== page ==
Jabbing and jumping: 82nd Airborne paratroopers get fully vaccinated ahead of Baltic jump
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This story has been updated.
Before hundreds of 82nd Airborne Division paratroopers stand up, hook up and shuffle to the door for an airborne jump over Estonia, they sat down, rolled up their sleeves and got the coronavirus vaccination.
Two battalion-sized task forces of the division’s 3rd Brigade Combat Team are scheduled to parachute into the Baltic country this week for Swift Response 2021, part of the U.S. Army-led Defender Europe-21 exercises running through June. They’ve all had two doses of the Pfizer vaccine and are being tested for the virus before departure.
“The last thing we need to do is to send someone overseas that is not vaccinated,” said Maj. Gen. Christopher Donahue, the division’s commanding general.
This week’s event is the first “really big” exercise for the division since the pandemic began, spokesman Lt. Col. Mike Burns said last week.
Many of the Defender-Europe exercises last year were canceled or cut short because of the virus.
A division headquarters will command and control three separate airborne operations, all scheduled in somewhat rapid succession. Overnight Sunday, U.S. soldiers of the Italy-based 173rd Airborne Brigade will jump into Bulgaria, followed by a jump Monday into Romania, led by Poland’s 6th Airborne Brigade.
Half of the 82nd Airborne contingent is staged in Lithuania and will meet up in the air with the other half, which is flying 11 hours from Fort Bragg on “direct delivery,” Burns said.
The operation was slated for Thursday but delayed by bad weather. If the winds turn unfavorable Friday, they may divert and board helicopters to conduct an air assault instead.
The exercise represents a unique and “very complex maneuver of forces” for the division, America’s quick response force, said Maj. Ben Barnard, who spent the past year planning the drill.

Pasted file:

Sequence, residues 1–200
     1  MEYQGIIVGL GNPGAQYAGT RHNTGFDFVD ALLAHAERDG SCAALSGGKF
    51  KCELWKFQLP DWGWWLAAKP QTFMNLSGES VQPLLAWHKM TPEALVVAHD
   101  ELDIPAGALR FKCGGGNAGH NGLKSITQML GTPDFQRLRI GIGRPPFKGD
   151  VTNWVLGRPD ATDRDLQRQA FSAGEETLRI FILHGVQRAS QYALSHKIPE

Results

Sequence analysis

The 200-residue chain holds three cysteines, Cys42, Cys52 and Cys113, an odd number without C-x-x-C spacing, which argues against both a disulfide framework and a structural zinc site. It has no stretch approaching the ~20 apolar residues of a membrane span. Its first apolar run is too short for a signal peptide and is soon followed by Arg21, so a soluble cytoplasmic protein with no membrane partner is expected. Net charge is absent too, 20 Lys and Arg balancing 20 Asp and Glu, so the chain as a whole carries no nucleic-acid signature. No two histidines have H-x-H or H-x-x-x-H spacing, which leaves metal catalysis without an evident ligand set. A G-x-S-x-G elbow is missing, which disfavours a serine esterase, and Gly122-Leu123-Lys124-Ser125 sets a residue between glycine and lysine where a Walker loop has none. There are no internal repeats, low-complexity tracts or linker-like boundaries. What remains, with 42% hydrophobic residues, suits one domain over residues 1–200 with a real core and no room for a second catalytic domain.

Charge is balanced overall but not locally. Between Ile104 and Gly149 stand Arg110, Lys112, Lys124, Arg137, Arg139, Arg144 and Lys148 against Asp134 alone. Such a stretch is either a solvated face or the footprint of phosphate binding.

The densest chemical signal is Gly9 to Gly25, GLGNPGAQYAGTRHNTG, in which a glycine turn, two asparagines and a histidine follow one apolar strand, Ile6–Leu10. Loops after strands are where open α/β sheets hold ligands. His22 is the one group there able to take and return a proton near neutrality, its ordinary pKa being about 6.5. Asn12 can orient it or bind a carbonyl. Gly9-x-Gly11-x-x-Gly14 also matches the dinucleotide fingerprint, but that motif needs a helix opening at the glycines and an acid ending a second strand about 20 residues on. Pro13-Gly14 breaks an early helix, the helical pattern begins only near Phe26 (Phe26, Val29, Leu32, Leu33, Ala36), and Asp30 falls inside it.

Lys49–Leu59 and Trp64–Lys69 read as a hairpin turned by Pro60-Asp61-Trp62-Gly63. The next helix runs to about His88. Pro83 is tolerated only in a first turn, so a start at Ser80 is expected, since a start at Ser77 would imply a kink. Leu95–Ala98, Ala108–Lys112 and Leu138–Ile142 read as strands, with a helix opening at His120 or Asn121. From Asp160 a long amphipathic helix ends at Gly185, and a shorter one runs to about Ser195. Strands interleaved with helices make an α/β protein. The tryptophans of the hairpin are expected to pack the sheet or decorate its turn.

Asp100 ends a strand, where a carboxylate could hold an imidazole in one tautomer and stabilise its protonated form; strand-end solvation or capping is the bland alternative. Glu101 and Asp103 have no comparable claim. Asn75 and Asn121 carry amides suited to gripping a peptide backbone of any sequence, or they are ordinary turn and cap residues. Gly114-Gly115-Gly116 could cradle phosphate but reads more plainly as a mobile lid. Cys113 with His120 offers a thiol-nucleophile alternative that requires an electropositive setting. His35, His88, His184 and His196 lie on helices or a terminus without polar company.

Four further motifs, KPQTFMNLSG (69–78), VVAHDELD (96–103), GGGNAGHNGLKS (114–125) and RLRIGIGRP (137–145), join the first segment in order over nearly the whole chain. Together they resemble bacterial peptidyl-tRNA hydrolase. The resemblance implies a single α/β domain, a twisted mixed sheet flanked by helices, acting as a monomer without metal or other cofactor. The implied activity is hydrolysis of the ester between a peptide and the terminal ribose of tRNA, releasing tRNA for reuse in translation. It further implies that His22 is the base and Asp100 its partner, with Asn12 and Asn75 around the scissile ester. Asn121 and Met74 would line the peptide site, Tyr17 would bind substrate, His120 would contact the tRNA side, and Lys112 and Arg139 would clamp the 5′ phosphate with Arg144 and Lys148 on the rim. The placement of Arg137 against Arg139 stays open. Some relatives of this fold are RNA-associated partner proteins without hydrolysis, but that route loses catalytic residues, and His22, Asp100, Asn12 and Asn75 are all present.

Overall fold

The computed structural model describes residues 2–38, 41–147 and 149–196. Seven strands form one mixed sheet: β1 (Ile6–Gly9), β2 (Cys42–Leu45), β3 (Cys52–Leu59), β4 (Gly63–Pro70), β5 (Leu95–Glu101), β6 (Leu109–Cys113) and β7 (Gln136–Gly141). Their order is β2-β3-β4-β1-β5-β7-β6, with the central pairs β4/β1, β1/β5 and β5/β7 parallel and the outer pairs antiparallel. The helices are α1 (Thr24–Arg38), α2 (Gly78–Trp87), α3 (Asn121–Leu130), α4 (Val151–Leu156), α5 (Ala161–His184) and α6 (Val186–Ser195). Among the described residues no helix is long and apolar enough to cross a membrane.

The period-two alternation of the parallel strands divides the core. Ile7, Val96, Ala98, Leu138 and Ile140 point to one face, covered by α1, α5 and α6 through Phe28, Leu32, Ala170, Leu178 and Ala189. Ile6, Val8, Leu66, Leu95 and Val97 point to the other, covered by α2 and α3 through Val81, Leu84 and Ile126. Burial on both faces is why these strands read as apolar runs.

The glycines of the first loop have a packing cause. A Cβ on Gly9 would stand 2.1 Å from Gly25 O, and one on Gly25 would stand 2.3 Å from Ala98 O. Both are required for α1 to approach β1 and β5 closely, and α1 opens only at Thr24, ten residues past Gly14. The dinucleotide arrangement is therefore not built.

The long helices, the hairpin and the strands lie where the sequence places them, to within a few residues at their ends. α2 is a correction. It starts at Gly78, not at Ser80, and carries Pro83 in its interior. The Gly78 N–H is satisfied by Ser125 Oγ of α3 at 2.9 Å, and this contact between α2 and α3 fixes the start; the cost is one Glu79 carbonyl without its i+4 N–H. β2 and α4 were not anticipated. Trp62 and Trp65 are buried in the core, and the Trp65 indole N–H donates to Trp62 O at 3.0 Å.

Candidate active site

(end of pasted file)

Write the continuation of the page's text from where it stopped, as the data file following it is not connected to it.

The pandemic adds to the complexity, but “I think we’ve mitigated it fairly well,” said Donahue, who said momentum is building as vaccination spreads throughout the division. “This is a good example of how you can train as we work through this pandemic.”
The 3rd Brigade had faced criticism in February after an apparent soldier sent an anonymous letter to the media complaining about lax coronavirus countermeasures for soldiers who traveled by bus to Fort Polk, La., for a three-week exercise at the Joint Readiness Training Center. Though they tested negative and were offered the vaccine before departure, several soldiers tested positive on arrival at the training center.
Ahead of Swift Response, the brigade’s participants and a company of British paratroopers accompanying them were training in “bubbles” as an added countermeasure, said Dr. Jonathan Peterson, a lieutenant colonel and the division surgeon. “We’re going to be on the same flights, military flights, we’re going to be housed in the same areas,” he said.
Estonia and Romania have seen spikes in infection rates in recent months similar to upticks seen around Fort Bragg earlier this year, he said, but the spikes in those countries are trending downward.
“Our best defense is the Pfizer vaccine,” Peterson said. “We’re doing the best we’ve got right now.”